Review: ‘Shadecraft’ #4 Turns Everything Upside Down In The Best Way Possible
by Scott Redmond
Shadecraft continues to throw in truly engaging and world-altering twists and turns while never once losing that core emotional family tether that makes it such a strong series. The art is still beyond gorgeous as the emotion is felt on every single page and the way that shadows and colors are played with elevates everything to beautiful new levels. Shadecraft truly embodies everything that is the best about comic books as a medium thanks to a beyond amazing creative team.
More often than not, the best stories are those that continue to propel characters and their world forward rather than keeping them in a static sort of status. There isn’t anything inherently wrong with stories that keep things mostly static/status quo but there is definitely something often far more engaging with stories that keep you on the edge of your seat with new revelations. Shadecraft #4 is one of those types, very much so.
Joe Henderson, Lee Garbett, Antonio Fabela, and Simon Bowland had a very intriguing first three issues that not only setup Zadie Chu and her supernatural shadow powers, as well as her shadowy brother Ricky, but also built a very interesting high school/teenage drama like setting for her to inhabit. They very easily could have kept that going and focused on stories that just worked in a teen drama/high school setting with Zadie learning her powers and Agent Owens being a mentor to her.
Instead, they took that solid foundation and threw in the next giant curveball which takes all that we already knew, and put it in a whole new light.
This move was not only one that opens up a whole slew of potential future directions for the story but serves as a really great way to bring the rest of the Chu family into the story. In the first three issues, Zadie and Ricky’s parents filled a bit of the role that parents tend to fill in many teen stories, both foil, and ally. Now they have a deeper back story and more in common with Zadie and are full participants in the story because of the ties between Owen and Zadie’s mother.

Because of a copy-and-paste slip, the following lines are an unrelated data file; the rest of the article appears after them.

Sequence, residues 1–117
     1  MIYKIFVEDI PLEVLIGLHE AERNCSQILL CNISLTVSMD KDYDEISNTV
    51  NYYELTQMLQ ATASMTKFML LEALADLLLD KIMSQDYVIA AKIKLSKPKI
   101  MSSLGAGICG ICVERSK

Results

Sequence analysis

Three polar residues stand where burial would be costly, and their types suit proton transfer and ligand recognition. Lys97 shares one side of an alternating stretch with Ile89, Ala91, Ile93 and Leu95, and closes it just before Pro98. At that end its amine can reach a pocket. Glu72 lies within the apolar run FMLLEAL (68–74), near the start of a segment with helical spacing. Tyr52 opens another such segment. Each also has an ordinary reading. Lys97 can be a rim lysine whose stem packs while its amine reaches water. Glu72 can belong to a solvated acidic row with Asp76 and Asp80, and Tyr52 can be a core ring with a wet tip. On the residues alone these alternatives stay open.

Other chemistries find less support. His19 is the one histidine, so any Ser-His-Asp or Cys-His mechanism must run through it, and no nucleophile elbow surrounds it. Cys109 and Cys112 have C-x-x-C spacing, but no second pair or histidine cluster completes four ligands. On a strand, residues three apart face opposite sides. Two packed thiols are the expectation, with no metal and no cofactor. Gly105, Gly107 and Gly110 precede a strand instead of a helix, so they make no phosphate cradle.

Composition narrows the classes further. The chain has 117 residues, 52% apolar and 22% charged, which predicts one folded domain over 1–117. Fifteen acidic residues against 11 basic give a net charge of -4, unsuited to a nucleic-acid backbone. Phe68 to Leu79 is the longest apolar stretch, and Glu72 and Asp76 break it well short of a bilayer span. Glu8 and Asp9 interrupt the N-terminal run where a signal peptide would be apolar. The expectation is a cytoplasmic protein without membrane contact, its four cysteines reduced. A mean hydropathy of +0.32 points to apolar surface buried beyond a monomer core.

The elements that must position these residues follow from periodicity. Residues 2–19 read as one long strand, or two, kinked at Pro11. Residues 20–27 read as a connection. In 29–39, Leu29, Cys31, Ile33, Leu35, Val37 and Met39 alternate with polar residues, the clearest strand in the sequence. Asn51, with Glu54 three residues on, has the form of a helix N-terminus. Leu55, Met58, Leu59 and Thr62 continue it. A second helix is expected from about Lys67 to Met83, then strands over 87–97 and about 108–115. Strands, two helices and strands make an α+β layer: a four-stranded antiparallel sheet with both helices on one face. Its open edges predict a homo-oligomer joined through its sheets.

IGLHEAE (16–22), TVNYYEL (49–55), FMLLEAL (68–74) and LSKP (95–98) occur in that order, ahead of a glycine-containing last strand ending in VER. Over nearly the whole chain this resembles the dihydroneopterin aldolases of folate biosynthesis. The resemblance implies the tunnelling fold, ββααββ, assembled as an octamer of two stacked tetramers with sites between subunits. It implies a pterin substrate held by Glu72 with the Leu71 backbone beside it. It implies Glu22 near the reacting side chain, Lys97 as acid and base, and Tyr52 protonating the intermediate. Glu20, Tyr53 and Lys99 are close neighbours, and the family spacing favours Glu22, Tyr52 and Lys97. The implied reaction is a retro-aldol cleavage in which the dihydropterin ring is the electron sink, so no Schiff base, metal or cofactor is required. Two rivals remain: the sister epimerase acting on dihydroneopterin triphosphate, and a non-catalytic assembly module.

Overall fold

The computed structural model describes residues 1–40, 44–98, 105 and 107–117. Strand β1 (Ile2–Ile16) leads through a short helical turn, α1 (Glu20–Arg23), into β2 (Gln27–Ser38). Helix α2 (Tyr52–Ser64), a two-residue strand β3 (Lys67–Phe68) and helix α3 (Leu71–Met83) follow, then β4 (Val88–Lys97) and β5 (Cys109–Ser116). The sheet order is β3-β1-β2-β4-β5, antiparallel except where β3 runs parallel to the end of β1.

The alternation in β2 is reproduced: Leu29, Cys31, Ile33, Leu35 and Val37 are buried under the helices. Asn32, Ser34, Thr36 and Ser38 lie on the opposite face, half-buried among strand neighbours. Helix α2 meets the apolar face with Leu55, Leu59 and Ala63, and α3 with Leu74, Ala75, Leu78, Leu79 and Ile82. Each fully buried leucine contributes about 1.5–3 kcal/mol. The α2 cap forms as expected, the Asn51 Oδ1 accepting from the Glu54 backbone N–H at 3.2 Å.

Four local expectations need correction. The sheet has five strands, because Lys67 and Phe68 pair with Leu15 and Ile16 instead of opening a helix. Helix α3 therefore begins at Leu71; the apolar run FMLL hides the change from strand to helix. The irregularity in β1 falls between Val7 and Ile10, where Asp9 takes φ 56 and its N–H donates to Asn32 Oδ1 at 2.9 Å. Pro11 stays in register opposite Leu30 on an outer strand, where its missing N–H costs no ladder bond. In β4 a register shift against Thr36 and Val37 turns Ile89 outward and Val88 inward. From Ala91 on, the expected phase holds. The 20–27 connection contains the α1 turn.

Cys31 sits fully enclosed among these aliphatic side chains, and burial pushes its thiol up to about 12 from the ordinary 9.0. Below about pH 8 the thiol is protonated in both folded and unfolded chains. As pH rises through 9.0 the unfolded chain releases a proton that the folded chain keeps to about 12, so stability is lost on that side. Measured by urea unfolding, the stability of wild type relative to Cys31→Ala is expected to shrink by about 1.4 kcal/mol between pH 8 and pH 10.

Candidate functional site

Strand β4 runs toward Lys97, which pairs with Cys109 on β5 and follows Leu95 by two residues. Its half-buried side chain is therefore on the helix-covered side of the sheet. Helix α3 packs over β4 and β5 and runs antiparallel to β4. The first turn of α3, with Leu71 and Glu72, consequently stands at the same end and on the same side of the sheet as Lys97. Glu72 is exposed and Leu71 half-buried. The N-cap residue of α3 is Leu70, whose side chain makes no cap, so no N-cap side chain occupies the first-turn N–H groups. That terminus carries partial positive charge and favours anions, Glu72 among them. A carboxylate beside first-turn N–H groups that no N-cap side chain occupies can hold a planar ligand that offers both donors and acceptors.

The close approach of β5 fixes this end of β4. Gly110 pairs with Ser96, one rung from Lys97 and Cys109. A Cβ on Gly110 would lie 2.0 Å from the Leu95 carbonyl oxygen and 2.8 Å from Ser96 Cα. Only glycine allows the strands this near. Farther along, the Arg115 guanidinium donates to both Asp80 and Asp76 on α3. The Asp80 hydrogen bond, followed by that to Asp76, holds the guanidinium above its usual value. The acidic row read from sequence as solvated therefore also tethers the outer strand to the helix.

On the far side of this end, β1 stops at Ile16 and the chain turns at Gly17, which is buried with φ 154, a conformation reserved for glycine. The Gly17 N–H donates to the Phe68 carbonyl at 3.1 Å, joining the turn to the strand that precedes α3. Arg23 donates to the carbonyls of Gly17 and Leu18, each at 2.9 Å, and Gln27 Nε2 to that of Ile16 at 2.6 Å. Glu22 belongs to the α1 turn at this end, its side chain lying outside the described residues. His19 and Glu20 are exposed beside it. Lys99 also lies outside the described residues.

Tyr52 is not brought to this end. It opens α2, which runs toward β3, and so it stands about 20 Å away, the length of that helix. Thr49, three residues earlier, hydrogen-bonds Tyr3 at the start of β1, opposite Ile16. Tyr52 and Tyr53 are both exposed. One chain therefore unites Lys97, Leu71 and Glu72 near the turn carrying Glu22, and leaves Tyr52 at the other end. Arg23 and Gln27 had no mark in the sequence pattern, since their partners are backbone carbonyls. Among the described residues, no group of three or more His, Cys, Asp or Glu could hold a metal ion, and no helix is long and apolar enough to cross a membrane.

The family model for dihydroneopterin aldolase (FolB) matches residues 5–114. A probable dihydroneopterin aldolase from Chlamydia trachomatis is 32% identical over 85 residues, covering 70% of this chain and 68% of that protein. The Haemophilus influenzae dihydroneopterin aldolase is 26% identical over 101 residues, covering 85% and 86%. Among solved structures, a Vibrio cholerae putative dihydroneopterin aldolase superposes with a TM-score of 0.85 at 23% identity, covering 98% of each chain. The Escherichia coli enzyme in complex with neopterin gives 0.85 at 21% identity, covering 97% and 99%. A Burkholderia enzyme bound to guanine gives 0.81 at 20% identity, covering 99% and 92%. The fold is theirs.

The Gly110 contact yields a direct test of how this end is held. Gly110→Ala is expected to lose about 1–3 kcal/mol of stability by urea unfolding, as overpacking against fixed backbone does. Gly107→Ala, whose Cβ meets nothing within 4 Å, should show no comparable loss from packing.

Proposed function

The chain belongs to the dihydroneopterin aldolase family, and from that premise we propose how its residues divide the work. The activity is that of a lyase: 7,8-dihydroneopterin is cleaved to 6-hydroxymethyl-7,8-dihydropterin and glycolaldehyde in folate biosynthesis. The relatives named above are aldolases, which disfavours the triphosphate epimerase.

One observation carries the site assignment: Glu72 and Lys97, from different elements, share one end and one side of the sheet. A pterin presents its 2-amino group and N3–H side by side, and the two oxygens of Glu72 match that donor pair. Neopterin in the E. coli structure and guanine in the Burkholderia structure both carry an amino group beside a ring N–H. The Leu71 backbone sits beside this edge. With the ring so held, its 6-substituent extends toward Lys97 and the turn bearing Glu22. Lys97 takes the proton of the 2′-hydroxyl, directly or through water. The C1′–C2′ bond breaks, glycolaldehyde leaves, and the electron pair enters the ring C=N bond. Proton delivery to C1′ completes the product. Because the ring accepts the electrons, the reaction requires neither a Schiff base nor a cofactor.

All of the new revelations and growing world are once more wrapped up in a gorgeous package that Garbett, Fabela, and Bowland continue to deliver. Recently I read Marvel Comics’ Loki: Agent of Asgard series from a number of years ago which Garbett was the artist on. The artwork there was really fantastic but it’s clear how much Garbett has continued to evolve his craft because the difference from then to now is like so many levels even greater than the already great that it was at the time.
There is a scene partway through with the Chu family at dinner that uses the same panel setup eight times across two pages. Rather than it just being a static image with the dialogue just changing and the shadows beginning to emerge before the panels change, the team goes a bit of a different route.
The emotions and body language shifts within the subsequent panels are spot on as Fabela begins to draw the colors back slowly as the shadows emerge and Bowland begins to add little flairs (bolts, italics, etc.) to the dialogue as tempers flare and emotions run hotter. It’s the typical parent and child fight mixed with the supernatural done in a truly fascinating way.
Those coloring and lettering flairs and choices from Fabela and Bowland are clear across all the pages as they really give their all to help sell what is happening. There are nice shifts not only with the bolds and italics but also with the size of fonts that Bowland uses to denote emotional and tone changes. While Fabela makes some minor tweaks to colors when the book shifts into flashback mode for a few pages, making sure it’s got that memory/flashing back type of style we think of when it comes to media portrayals.
Perhaps it’s something that was being done but just mentally wasn’t being noticed as much till now, but it feels like far more comics are choosing to go with a lot more close-up style shots rather than always sticking to full group or establishing shots. Whether it is becoming more common or was always there, it’s a nice touch either way. It allows for a showing of the aforementioned emotion and a chance to really feel that emotion, especially from this art team.
Every single piece of this series continues to get better with each issue. There is no predicting fully where this ride will be going and that’s what helps make it so engaging.
Shadecraft #4 is now on sale in print and digitally from Image Comics.